Document Type

Theses, Masters

Rights

This item is available under a Creative Commons License for non-commercial use only

Disciplines

Social work.

Publication Details

Sucessfully submitted for the award of Master of Philosophy (M.Phil) to the Dublin Institute of Technology in March, 2001.

Abstract

Diversity is increasingly a theme for publ ic discussion in Ireland to-day due to the rapidly changing socia and cultural structure of Irish society. These changes have important implications for providers of early years services particularly as it has been recognised that the rol e of the early years professional is crucial in promoti ng equality. Research highlights the negative attitudes chi ldren can learn at a very young age. However, there is an absence of research both in Ireland and internationally regarding training models for addressing diversity with early years students. This study aims to contribute to the development of training in this field by exploring the views of students and staff regarding diversity training on an earl y childhood education cou rse in the Dublin Institute of Technology (D.I.T). A quali tative case study approach was utilised. The findings reveal that practical experience (e.g. supervised placements) is a vital tool in helping students to understand diversity. However, the model in use at D.I.T has Iimitations in terms of how these experiences and emerging understandings are followed up in college training. This reflective process is vital in the development of good practice. The study also revealed the current model to be limited in that it does not recognise the central importance of exploring students' attitudes towards diversity. It is recommended that the college give greater prom inence to diversity in the philosophy and content of the course. A multi-level approach to diversity training is recommended combining the permeation, separate and other models. Finally, in­ service training for staff should be considered to enhance diversity training.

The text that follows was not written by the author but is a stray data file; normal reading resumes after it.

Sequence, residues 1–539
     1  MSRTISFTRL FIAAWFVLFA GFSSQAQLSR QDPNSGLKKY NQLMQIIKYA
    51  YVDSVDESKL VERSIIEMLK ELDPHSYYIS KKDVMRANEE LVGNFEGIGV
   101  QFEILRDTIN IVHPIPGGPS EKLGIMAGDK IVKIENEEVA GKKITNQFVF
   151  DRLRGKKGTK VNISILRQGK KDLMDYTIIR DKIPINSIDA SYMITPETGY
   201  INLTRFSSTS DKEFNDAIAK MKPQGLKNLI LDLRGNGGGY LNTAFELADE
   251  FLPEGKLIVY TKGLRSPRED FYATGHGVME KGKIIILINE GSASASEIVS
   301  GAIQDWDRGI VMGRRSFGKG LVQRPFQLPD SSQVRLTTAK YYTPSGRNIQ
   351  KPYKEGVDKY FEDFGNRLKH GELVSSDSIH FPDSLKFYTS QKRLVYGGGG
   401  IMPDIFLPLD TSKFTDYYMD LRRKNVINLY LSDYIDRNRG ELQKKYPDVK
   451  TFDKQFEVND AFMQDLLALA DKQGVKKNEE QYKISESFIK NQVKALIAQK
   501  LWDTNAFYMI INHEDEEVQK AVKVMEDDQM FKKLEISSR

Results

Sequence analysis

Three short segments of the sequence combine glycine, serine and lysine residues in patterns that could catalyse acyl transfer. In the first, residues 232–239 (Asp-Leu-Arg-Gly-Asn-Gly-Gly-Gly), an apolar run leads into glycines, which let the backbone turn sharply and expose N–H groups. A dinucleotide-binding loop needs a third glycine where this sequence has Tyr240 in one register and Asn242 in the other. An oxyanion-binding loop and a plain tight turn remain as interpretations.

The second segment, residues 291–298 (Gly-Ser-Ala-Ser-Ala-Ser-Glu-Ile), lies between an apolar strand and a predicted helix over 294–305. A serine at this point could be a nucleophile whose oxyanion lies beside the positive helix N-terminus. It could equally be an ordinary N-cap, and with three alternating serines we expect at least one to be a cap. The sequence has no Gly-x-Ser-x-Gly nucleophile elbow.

DOI

10.21427/D7MP5K

Included in

Social Work Commons

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